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Australian Shepherd Photo of the Week

Australian Shepherd Dog Photo of the Day

Owner: Nick Buck   Photo: Bryan Novak

This is Cooper. You may recognize him from our banner on Australian-Shepherd-Lovers.com. He lives in Carlsbad. He had so much fun in this photo playing in an undeveloped field that had this long grass on it. He would hop, hop, hop! Cooper's favorite things to do are play frisbee, collect big rocks and explore.

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Training and Care — Tip Of The Week

Australian Shepherd Lover's Guide To Australian Shepherd Training & Care
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Excerpt from Our New Ebook
Australian Shepherd Lover's Guide To Australian Shepherd Training & Care

Excerpt #1

What's in a Name?
Australian Shepherd History

I know you may be eager to get straight to the training techniques, but to ensure your success in training it's important to develop an understanding of how your dog's mind works. In fact, if you know how your dog's mind works, you can even develop your own techniques to deal with problem behaviors as they arise. This chapter is all about understanding the way your dog thinks and the principles behind all the training tips we'll be going through in this book.

Most owners assume their breed originated in Australia. The Australian Shepherd must have been bred in Australia, right? This is not actually the case. The breed developed in the United States. Settlers from across Europe, including shepherds from Great Britain, Scotland and Spain as well as Latin America and Australia emigrated to North America. Many shepherds brought with them their favourite herding dogs to help manage the flocks of sheep that came with the massive influx of settlers. These flocks of sheep did include many from Australia. But the breed itself was bred on the ranches of the U.S. More about Australian Shepherd history here.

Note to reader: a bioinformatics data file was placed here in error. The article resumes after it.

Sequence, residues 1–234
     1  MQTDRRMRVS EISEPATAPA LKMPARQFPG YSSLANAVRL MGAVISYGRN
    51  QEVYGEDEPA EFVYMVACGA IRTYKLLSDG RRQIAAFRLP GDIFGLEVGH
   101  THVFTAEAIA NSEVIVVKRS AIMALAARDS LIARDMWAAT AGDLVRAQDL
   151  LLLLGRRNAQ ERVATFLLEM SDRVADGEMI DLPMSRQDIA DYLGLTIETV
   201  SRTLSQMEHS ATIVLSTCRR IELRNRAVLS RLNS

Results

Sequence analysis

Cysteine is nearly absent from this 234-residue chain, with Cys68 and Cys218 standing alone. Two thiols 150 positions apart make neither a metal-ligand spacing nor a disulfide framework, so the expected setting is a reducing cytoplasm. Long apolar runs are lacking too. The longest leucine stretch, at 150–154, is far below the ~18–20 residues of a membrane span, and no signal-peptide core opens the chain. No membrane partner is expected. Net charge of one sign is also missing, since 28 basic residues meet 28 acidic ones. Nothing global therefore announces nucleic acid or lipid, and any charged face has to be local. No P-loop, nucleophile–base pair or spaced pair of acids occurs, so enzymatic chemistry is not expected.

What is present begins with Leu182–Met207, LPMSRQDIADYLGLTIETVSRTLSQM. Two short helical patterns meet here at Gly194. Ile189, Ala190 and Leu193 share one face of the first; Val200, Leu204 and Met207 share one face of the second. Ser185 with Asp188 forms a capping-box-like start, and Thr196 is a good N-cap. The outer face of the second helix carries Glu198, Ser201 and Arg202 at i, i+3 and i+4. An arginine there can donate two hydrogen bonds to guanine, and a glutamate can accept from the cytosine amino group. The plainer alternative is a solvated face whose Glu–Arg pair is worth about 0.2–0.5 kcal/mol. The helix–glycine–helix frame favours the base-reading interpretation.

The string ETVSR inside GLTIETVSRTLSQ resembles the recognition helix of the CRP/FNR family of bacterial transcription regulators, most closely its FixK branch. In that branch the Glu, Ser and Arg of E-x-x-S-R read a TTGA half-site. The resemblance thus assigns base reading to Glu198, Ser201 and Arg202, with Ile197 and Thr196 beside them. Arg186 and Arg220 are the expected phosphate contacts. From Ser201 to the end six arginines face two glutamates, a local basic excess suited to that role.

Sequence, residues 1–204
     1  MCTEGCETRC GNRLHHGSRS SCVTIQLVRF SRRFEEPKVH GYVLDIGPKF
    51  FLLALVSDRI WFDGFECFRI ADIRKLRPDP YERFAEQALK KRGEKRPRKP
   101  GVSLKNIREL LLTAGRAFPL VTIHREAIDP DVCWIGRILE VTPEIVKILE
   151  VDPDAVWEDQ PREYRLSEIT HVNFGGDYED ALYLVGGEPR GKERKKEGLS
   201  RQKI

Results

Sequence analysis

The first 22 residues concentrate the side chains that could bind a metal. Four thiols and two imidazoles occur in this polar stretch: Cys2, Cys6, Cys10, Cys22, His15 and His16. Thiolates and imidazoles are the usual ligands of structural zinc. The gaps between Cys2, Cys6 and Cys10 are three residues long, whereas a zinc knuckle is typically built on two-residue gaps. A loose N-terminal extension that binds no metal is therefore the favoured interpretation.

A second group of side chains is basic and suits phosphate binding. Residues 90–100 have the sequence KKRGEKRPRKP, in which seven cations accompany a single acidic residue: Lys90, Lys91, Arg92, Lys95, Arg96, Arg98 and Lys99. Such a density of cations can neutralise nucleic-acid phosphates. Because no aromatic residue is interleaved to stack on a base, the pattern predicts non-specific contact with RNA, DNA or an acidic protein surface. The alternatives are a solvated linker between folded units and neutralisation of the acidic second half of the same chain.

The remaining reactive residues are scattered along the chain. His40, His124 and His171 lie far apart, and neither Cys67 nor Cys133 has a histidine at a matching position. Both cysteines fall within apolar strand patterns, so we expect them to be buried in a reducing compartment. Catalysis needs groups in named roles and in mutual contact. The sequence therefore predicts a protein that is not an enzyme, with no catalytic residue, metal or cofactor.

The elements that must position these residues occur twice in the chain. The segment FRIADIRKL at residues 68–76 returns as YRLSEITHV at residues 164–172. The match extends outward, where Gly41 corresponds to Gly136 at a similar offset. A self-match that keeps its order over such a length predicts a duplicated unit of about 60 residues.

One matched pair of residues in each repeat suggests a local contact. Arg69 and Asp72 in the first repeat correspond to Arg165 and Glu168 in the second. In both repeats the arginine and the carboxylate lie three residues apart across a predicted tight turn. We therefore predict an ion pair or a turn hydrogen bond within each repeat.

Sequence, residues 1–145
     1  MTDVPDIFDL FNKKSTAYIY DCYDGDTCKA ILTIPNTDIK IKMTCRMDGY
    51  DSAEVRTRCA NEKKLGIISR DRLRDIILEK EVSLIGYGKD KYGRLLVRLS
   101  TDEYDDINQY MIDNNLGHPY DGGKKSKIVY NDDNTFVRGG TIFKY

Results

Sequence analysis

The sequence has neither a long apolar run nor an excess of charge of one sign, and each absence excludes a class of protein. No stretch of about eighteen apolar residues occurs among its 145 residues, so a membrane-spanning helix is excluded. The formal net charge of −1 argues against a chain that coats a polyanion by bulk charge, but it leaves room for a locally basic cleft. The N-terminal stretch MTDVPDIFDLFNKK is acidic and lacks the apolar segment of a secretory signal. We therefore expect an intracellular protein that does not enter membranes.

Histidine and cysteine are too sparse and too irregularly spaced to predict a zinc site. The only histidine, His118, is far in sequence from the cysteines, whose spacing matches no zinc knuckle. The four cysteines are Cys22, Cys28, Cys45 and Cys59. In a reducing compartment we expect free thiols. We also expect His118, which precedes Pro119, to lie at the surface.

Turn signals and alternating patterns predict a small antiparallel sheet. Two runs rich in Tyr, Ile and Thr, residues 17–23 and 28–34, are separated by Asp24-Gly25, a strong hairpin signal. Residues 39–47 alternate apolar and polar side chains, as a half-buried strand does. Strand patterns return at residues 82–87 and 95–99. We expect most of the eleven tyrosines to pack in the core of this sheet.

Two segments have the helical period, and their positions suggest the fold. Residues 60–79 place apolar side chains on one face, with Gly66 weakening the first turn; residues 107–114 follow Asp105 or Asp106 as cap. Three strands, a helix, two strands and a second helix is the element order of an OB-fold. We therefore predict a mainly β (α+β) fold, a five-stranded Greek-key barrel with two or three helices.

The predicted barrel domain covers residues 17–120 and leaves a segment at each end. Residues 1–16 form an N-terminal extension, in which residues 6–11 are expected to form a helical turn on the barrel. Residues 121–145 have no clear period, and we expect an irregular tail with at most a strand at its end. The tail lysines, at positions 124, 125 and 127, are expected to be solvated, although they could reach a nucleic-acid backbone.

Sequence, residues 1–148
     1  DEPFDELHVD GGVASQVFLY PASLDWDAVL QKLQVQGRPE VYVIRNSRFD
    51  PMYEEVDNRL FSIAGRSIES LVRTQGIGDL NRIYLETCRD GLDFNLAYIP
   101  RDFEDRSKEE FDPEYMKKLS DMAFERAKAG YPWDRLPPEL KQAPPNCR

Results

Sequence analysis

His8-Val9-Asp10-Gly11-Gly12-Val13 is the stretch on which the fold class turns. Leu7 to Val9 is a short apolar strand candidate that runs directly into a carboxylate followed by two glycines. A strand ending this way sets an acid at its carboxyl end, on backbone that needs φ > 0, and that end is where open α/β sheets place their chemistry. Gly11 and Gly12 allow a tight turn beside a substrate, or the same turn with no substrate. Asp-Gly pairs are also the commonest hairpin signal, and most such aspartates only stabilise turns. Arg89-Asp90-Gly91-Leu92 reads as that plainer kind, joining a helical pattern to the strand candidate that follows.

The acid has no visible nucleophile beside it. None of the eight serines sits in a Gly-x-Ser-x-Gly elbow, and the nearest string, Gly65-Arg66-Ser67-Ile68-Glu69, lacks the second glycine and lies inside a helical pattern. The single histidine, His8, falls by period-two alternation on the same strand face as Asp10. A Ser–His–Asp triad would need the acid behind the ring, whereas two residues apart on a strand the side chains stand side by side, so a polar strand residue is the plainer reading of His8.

This origin as a working dog explains many of what Aussie owners today consider to be "problem behaviors." Those behaviors that seem so annoying in a suburban, family setting – behaviors like herding and nipping children – were actually bred into the dogs to make them more useful on the ranch. Aussies are herding dogs first and foremost, and much of their natural behaviour can be understood when you look at this history.

So let's get one thing straight here: Aussies act exactly how they were bred to act. Every behavior they display is there for a reason – it was an important part of their job as herding dogs. Most of what we now consider problem behaviors are actually just behaviors the dog has been bred to produce – by HUMANS. The problem isn't the dog, it's a change of scenery. We now have Aussies in our suburban homes. We don't all live on ranches. So we need to teach them to adapt to this new lifestyle.

Next time: Herding Characteristics of Aussies

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Training & Care Ebook...

 

 

Guide To Australian Shepherd Training & Care
 

 

Cartoon of the Week

Australian Shepherd Lovers - Cartoon of the Week - from Andertoons.com
 

 

Dog Quote of the Week

How many legs does a dog have if you call the tail a leg? Four. Calling a tail a leg doesn't make it a leg.

~ Abraham Lincoln

 

 

 

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